Gorge’s answer was not a simple one. He explained that he owns the fields, the land, the equipment and the drying rooms, but he then has to sell all the Tabaco to the government who then pay him just 10% of it’s market value.
“That’s a lot of work for only 10%”, Lisa commented. Gorge’s grin and shrug, said it all. “It’s Cuba” he remarked.
Along the length of Gorge’s field, past the horses and over the style at the end, the pathway wound it’s way past a tangle of dry thorny bushes, knitted together with unbreakable vines. A mud covered pig and her young made us both jump as they squealed and darted across the path and into the scrub.
We walked, climbed and staggered up the hillside for the next 2-hours until we reached the top of Valle del silencio. The views between the opposing rock faces and down to the town were stunning. Brightly painted birds pecked and sung in the trees nearby, while over head four vultures looked down and hoped we’d eventually be their meal.
In the distance, we can see rolling hills that disappear into blue hazy mountains. On the outskirts of town, the tall white painted steeple of the local church peaks out from above the palm trees. It was abut as picture perfect as it gets. Looking down it’s easy to forget the struggle and rough recent history Cuba is now based on. Things are changing, but from those we’ve spoken to change can’t come fast enough.
Down in the valley we back track and skirt the small lake that we’d seen marked on the hallway map, across a field the path leads into a scattering of rock.
“Holy shit” I blurted looking up with surprise. Lisa’s was keen to check out the “cave of cows”, although we had no idea it was at the top of the steepest stone stairway we’d ever seen.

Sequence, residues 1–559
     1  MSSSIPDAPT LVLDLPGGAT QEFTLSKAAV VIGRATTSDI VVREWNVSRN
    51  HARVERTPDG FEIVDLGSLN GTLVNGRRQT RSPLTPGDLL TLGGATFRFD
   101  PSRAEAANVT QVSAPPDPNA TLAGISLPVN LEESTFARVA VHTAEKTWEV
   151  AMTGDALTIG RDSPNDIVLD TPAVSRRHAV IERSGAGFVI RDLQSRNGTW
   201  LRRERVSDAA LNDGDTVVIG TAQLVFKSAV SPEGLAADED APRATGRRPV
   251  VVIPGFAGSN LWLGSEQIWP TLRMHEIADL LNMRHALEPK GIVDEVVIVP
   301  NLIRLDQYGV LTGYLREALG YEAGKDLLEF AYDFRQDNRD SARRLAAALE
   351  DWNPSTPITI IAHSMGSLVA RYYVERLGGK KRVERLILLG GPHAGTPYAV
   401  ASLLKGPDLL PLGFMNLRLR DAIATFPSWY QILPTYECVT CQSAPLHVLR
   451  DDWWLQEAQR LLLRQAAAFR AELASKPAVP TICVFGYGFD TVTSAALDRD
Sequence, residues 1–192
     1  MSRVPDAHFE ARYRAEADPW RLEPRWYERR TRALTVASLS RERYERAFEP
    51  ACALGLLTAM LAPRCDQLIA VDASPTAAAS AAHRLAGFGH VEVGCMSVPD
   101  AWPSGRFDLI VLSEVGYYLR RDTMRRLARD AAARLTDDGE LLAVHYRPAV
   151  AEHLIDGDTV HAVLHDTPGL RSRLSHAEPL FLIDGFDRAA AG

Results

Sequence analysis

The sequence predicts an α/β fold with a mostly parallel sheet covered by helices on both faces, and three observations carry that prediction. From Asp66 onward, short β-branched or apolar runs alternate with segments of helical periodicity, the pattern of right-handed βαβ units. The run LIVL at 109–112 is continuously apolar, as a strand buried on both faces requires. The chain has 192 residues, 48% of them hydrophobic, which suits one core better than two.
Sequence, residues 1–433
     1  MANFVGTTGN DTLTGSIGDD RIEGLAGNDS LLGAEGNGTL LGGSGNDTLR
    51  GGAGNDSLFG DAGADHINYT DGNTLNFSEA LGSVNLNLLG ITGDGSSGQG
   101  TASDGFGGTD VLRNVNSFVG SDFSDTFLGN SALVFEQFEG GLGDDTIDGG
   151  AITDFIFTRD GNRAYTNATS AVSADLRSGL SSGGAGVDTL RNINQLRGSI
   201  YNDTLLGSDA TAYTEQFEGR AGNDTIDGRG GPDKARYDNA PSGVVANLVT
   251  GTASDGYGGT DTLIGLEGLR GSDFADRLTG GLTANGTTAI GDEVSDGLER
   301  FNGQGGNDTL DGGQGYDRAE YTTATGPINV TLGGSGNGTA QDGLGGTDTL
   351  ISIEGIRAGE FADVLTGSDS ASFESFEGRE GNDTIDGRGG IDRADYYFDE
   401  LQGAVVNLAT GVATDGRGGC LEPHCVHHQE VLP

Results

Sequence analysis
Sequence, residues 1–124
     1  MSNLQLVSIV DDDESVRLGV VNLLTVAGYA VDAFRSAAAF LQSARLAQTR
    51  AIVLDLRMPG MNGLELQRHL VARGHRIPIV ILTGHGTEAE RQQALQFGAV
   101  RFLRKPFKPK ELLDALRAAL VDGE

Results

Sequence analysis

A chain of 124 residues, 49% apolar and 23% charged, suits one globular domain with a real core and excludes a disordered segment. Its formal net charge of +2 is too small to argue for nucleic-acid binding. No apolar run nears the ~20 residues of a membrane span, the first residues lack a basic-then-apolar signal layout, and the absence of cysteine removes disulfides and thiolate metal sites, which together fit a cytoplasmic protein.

I’d optimistically mused that I could make it to the top without stopping. That didn’t happen! At the top my legs were jelly and I was breathing like a geriatric on life-support. I’d stopped four times on the way up. Lisa hadn’t fared much better.
From the mouth of the cave, the views were again fantastic, but in our haste to get cracking from the Casa particular, neither of us had brought an iPhone or a torch (flash-light). We walked as far as we could into the bat infested dark, dark corners of the cave and then we chickened out and ran back to the light.
Back at the Casa particular, we did our best not to guzzle the two cold beers we’d pulled from the fridge. We failed.
This morning’s ride had convinced me that we both needed to head out on the bikes, and as afternoon rolled around and still weary from this mornings hike, we pulled on our gear and headed out. Without all the bags, the bikes feel so damn light.
Heading west out of town we took the right turning on the asphalt and detoured onto the dirt just before the ‘Mural de la Prehistoria’ (Prehistoric giant mural.)